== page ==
Our body signals are the gateway to recognising, interpreting and managing our feelings. That is why Body Intelligence (BQ) is such a fundamental aspect of developing Emotional Intelligence (EQ).
There are times when each of us, no matter how skilled we may be, has trouble recognising how we are feeling. When we have lost touch with our emotions as can happen with trauma, body signals can be a great support in helping us notice and interpret what we are feeling. Even when we are unable say how we are feeling emotionally, most of us can learn to identify and describe what is happening in our body—our ‘body signals’.
The human body is an extremely sensitive instrument. People can pick up subtle changes in personal relationships, in temperature and in atmosphere. We notice changes in tone of voice, facial expressions and gesture. This sensitivity to the language of the body is a highly sophisticated part of what it is to be human—it is at the heart of how we keep safe and build connections with others.
Body signals can be thought of as signposts for feelings. For example, we may not know consciously that we feel unsafe, but our body may be giving us a clear warning sign through a tight tummy, sweaty palms or a beating heart. Or we may be unaware that throughout the day we have accumulated quite a lot of stress, until we notice the tightness in our shoulders when we arrive home.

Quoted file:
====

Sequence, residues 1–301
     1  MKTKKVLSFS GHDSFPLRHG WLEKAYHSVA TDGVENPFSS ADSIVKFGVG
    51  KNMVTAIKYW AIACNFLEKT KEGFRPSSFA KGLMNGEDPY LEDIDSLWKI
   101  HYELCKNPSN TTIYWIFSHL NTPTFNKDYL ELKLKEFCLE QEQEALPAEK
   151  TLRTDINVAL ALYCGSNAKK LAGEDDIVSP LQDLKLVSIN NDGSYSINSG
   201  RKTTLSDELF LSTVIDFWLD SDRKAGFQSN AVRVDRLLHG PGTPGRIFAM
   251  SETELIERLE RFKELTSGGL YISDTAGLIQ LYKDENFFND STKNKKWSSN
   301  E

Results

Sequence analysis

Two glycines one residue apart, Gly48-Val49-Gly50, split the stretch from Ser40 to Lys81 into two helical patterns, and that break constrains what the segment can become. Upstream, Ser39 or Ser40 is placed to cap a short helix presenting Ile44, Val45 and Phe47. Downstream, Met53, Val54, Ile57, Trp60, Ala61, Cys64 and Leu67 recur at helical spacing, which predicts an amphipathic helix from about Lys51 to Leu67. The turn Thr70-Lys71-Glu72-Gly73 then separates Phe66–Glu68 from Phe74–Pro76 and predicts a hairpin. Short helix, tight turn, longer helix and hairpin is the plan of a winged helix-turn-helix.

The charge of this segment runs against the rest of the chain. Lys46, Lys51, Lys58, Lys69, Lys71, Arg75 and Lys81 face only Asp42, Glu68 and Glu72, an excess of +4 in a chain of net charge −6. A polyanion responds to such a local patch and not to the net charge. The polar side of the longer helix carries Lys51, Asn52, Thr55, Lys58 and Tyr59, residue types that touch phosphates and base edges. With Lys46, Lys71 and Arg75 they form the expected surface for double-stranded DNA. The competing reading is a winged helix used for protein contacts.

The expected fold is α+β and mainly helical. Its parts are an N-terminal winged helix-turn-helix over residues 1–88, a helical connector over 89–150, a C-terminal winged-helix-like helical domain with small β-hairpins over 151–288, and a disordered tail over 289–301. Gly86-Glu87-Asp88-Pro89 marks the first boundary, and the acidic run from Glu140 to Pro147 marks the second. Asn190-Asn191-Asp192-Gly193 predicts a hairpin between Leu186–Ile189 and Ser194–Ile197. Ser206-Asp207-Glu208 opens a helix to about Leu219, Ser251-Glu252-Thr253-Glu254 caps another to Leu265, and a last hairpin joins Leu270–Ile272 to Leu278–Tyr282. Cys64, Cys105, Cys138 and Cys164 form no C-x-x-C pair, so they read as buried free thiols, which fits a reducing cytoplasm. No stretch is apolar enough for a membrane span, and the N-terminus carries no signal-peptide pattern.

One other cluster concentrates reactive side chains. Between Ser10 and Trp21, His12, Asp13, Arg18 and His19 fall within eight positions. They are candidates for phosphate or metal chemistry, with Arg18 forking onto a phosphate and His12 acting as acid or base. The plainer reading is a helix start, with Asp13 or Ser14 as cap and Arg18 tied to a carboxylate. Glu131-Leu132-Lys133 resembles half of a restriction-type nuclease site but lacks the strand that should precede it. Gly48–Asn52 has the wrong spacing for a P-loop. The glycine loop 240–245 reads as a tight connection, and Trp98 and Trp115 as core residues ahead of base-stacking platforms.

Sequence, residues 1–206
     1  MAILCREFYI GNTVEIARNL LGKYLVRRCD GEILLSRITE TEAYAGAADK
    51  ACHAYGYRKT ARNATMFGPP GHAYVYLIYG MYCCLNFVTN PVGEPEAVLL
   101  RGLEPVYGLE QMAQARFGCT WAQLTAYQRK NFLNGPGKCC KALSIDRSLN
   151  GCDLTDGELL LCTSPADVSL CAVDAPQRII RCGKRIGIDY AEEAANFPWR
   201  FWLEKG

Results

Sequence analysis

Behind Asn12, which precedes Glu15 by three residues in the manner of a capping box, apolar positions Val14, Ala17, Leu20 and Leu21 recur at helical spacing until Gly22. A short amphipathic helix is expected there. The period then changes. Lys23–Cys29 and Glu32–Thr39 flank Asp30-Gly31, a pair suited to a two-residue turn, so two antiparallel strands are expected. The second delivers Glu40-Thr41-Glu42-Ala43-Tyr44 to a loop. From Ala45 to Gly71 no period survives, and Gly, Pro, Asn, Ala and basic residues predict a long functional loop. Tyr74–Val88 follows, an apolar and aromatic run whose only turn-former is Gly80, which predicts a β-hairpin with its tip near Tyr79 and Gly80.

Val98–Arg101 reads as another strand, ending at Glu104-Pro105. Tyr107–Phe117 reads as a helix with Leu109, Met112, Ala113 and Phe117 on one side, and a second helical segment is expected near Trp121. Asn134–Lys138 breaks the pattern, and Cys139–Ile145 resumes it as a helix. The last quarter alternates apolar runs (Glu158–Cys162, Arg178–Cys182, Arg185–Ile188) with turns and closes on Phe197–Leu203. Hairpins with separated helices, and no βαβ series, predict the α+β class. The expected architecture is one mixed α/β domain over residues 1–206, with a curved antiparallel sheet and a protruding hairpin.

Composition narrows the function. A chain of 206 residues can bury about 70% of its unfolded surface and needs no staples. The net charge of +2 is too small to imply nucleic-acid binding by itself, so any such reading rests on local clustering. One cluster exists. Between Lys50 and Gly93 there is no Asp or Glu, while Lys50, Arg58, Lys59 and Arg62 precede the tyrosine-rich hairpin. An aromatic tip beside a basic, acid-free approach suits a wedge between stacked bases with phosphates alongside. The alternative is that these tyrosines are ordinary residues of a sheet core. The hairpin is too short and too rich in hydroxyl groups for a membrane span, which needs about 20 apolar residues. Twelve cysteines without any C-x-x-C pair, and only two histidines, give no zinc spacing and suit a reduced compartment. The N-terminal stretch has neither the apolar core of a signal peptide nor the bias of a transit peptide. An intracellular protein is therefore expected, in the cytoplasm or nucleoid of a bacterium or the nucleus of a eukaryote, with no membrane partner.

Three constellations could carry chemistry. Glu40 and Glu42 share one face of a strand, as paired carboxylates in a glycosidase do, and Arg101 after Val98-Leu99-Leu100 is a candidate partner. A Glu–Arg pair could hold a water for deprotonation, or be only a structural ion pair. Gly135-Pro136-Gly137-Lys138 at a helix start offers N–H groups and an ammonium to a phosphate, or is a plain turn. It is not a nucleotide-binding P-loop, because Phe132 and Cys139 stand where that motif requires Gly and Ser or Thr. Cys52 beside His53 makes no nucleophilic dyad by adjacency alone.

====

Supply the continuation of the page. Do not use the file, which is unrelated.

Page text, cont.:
With practice even very young children can learn to recognise their body signals (and those of others) as strong indicators of emotions. In fact, our bodies are very often our clearest and most honest communicators, especially if we have learnt to disregard, suppress or second-guess our feelings. Of course, we can all do this from time to time, but unfortunately it can become entrenched if abuse has taken place. Therefore, it is through our body signals that many counsellors and therapists are helping children and adults learn (or re-learn) what they are feeling, and establish appropriate boundaries for personal safety. For this reason, people working in trauma-informed care with children, young people and adults may find Body Signals particularly useful.
While these kinds of conversations may be at the heart of protective behaviours work in particular, the Body Signals cards are ideal for opening up crucially important learnings about body signals with anyone. So, teachers, social workers, counsellors and parents will also be among those to use the Body Signals cards.